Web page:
Danith has come home late from work, and as he sets down his briefcase he asks if I’ve seen the snow. I am sitting in the living room where the mustard yellow cotton curtains shield the sliding glass door and the night beyond it. “It’s beautiful,” he says, pulling back the fabric. Snow is not new to us. This is our 15th winter of it. Quietness fills the room and his face as he proceeds upstairs.
A few minutes later, I follow him, and in the hallway he pulls me in for a kiss and then leads me to our babies’ room, where the espresso-stained crib and glider remain. Where the white area rug lies parallel to the legs of the crib. Nothing in this room has been moved or removed. I reach for the switch when he tells me to keep the lights off. “I feel them,” he says. “They’re speaking to us.” He urges me to join him at the window, where we peek through the blinds. The snow continues to fall, each flake the size of my thumbnail and fluffy and a sign. We fumble with the cord that raises the blinds. “Look,” he says as we stand side by side at our children’s nursery window. He is pointing to our backyard, the area enclosed by a pine tree, a silver maple, and some peach, apple, and cherry trees, all except for the pine are limbs of brown and gray. “I imagine them playing out there.”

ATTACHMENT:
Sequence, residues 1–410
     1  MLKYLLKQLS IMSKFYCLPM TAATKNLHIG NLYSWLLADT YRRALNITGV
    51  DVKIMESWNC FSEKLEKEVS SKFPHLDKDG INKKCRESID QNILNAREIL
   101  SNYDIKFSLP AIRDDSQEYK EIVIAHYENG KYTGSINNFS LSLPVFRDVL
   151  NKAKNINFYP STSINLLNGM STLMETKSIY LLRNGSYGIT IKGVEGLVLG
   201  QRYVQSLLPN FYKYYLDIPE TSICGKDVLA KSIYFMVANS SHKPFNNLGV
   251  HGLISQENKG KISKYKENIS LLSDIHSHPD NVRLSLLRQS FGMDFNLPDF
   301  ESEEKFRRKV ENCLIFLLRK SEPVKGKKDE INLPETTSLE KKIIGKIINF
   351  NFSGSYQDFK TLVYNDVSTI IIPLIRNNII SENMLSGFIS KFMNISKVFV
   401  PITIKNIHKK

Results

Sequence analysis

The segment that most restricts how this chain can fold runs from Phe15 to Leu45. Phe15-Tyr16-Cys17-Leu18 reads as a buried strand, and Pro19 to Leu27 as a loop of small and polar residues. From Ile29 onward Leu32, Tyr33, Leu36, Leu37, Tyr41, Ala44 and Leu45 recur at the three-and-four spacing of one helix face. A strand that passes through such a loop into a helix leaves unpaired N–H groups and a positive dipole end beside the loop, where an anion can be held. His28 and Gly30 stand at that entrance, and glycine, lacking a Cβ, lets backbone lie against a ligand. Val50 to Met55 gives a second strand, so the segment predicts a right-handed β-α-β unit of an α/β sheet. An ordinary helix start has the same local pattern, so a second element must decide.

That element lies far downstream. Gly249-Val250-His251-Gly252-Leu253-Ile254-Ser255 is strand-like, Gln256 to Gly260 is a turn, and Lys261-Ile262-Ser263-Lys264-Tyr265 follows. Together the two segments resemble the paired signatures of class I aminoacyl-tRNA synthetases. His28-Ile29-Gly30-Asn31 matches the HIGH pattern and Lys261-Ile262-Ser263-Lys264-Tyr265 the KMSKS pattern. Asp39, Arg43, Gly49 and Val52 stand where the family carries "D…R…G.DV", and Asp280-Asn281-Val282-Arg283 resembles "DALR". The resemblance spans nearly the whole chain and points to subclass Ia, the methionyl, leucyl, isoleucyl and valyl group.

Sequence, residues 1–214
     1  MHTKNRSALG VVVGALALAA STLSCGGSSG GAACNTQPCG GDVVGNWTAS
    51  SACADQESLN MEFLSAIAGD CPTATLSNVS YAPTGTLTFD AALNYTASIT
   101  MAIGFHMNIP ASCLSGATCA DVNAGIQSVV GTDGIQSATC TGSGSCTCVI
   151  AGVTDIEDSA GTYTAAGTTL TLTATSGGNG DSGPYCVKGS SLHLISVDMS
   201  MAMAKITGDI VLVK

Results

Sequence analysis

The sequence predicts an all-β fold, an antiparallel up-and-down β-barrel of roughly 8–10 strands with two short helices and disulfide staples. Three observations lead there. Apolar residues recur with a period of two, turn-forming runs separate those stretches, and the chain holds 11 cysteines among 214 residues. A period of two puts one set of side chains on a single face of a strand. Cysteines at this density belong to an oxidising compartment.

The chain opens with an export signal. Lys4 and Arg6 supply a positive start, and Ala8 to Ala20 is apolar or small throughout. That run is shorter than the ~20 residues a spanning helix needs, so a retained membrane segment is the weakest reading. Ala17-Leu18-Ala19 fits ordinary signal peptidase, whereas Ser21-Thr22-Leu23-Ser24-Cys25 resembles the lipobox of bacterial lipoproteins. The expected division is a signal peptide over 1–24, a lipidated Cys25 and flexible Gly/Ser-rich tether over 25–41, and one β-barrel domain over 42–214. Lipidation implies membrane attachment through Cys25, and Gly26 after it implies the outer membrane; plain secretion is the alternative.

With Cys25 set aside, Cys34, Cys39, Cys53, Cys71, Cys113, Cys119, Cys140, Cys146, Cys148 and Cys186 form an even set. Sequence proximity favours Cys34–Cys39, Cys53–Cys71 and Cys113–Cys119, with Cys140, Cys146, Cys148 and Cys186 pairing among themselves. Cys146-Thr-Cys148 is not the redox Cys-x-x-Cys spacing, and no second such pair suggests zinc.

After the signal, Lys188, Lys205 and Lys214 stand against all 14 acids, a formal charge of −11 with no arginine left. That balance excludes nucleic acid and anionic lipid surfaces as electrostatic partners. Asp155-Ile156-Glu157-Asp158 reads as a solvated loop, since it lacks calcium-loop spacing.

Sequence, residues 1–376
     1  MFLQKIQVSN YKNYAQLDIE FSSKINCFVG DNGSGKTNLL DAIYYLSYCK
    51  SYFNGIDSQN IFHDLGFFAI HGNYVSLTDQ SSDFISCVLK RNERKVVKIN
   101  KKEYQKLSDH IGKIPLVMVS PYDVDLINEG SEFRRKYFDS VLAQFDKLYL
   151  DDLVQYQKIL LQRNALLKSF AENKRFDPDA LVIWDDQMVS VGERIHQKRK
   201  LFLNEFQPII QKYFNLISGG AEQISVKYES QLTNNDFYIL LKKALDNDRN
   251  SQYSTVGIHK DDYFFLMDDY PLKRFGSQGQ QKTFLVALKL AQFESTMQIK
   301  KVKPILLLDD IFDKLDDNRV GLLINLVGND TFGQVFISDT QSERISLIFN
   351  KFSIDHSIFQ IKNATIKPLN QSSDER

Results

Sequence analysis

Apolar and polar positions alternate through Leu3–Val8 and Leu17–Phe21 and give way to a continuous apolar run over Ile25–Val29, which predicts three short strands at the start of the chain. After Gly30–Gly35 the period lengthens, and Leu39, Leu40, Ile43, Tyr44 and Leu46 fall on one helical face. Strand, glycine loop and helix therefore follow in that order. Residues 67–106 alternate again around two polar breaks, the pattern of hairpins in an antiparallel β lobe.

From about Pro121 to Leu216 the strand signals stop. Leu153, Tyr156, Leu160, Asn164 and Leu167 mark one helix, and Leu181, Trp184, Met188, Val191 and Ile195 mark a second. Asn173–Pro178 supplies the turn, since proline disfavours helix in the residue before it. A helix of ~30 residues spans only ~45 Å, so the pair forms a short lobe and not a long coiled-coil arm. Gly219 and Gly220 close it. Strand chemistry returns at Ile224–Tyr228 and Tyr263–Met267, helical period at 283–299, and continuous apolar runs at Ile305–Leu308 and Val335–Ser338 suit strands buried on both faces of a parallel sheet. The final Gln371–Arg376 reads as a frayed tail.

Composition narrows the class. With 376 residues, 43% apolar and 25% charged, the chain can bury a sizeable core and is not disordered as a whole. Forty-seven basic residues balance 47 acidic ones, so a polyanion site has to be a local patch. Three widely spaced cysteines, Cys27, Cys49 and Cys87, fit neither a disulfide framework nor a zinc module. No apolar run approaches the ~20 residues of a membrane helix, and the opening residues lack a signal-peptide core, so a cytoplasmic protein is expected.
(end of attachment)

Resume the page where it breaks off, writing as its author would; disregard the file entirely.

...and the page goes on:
Later, when we are in bed, I affirm to Danith that he misses our babies today. My voice is low and soft, trying to comfort him. The veil of quietness hasn’t lifted from his face. “I miss them every day,” he says.